Change of Basis


Consider the vector v  =  (2,5,3) in R3.  In writing these coordinates we mean 

        v  =  2e1 + 5e2 + 3e3 


        e1 =  (1,0,0)        e2 =  (0,1,0)        e3 =  (0,0,1)

are the standard basis vectors.  Sometimes we are interested in finding the coordinates with respect to another basis.  



Let S  =  {v1, v2, ... , vn} be a basis for a vector space V and let v be a vector in V and let

        v  =  c1v1 + ... + cnvn  

Then the coordinates of v with respect to the basis S is given by

        [v]S  =  (c1, ... , cn)



Consider the basis 

        S  =  {(1,2), (4,7)} 

of R2 and let 

        =  (5,8)

presented in the standard basis.  Find the coordinates of v in the basis S, that is find [v]S.  



We set

     (5,8)  =  c1(1,2) + c2(4,7)   


         c1 + 4c2  =  5
        2c1 + 7c2  =  8

We get the matrix equation


Notice that the matrix is just the matrix whose columns are the basis vectors of S.  The solution to this is



        c1  =  -3        c2  =  2

What we have seen here generalizes



Let S  =  {v1, v2, ... , vn} be a basis for a vector space V and let v be a vector in V.  Then

        [v]S  =  A-1v 

where A is the matrix whose column vectors are {v1, v2, ... , vn} 

The proof involves going over the previous example and generalizing.


It is also interesting to run this process in reverse.  Let  S  =  {v1, v2, ... , vn}be a basis for V and let [v]S be given.  We ask how to present v in the standard basis.  This follows from the theorem.  Since

        [v]S  =  A-1v 

We have

        v  =  A[v]S 




        S  =  {(1,3,4), (2,-1,1), (1,0,2)} 

be a basis for R3 and let 

        [v]S  =  (2,3,-1)

Find the coordinates with respect to the standard basis.  



We just find


so that 

        v  =  (7,3,9)


Let S  =  {(2,3), (1,4)} and T  =  {(0,2), (-1,5)} be two bases for R2, and let 

        [v]S  =  (-2,6)

Find [v]T 



We can first find v in the standard basis.  We have

        v  =  AS[v]S 

where AS is the matrix whose columns are the vectors in S.  Now convert to the T basis. 

        [v]T  =  (AT)-1v   =  (AT)-1AS[v]S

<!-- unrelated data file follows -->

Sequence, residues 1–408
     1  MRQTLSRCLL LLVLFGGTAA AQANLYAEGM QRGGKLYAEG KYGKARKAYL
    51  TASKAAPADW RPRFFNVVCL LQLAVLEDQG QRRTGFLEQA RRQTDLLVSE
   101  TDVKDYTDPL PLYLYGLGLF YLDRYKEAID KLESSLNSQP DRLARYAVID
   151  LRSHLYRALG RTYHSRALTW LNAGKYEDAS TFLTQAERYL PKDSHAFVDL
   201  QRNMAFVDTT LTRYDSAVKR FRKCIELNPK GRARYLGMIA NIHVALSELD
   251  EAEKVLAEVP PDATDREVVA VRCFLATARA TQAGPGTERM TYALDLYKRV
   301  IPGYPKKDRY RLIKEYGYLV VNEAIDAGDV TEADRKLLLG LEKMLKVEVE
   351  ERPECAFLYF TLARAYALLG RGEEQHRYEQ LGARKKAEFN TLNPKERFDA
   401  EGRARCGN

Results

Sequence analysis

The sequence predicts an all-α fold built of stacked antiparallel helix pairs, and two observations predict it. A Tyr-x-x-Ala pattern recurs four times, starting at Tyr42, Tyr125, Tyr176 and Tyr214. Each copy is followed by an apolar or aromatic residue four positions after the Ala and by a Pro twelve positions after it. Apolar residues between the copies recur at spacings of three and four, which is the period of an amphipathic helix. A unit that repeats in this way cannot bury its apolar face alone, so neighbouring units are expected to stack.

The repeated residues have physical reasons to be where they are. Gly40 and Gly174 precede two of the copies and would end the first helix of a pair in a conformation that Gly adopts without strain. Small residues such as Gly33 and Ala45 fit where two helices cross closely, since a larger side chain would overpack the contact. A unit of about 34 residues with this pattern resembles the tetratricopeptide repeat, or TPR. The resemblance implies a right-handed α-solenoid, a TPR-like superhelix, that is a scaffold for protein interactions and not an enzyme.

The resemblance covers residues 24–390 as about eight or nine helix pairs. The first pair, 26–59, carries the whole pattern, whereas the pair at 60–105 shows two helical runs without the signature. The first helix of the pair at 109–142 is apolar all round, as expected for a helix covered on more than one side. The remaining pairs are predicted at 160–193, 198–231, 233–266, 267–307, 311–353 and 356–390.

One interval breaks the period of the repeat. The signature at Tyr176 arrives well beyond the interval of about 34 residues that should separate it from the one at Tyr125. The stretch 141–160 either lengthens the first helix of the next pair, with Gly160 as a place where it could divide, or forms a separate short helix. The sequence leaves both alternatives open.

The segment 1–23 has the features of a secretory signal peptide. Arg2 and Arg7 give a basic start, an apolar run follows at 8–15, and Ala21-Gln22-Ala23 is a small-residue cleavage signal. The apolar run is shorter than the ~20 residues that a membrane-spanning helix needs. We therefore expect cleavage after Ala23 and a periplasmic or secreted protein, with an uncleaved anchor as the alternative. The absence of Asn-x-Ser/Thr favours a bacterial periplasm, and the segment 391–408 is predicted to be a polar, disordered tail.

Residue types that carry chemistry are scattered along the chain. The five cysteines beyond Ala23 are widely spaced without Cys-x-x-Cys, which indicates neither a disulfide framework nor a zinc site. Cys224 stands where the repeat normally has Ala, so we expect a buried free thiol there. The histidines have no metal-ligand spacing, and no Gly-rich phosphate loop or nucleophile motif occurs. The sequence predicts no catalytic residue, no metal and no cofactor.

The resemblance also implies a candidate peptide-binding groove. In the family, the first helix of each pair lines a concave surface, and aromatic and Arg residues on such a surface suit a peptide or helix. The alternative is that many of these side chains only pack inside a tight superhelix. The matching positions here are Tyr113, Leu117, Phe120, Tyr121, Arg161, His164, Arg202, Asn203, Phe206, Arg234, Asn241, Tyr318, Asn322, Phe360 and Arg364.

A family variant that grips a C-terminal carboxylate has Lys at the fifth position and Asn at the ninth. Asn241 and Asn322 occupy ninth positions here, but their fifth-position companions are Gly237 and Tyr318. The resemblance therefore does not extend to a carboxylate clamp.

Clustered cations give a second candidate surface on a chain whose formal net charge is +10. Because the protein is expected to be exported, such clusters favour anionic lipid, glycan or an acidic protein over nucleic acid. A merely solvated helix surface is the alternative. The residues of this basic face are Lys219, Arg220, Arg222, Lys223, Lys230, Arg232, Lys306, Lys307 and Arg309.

Consider the vector v  =  2 + 3t - t2 and let S  =  {t, t - 1, t2 - 1}.  Find [v]S.  



This problem looks a lot different from the previous ones, but looks can be deceiving.  We notice that 

        t       =      0(1) + 1(t) + 0(t2)
        t - 1  =      -1(1) + 1(t) + 0(t2)
        t2 - 1  =      -1(1) + 0(t) + 1(t2)

We write that 


and use 


Transition Matrices

We have seen how to use the coordinates from one basis S into coordinates from another basis T.  We have

                [v]T  =  (AT)-1AS[v]S  

The matrix given by

        PT <-- S  =  (AT)-1AS 

is called the transition matrix from the S basis to the T basis.  Note that the transition matrix from the T basis to the S basis is given by 

        PS <-- T  =  (AS)-1AT  =  P-1T <-- S 



Find the transition matrix 

        PS <-- T  

for the bases of M2x2 given by


Then use this matrix to find
[v]S if 

        [v]T  =  (1,3,-2,4)


First we denote the standard basis by 

        E={1000,0100,0010,0001} read a11 a12 a21 a22

The AS is just the matrix of column vectors where each column is read as you would read the matrices in S.  That is


and similarly we have


The transition matrix is 


Now to find the coordinate in the S basis given T basis coordinates

        [v]T  =  (1,3,-2,4)

we just multiply


Remark:  The transition matrix will always be nonsingular because of the nonsingular equivalence and that S and T are linearly independent.

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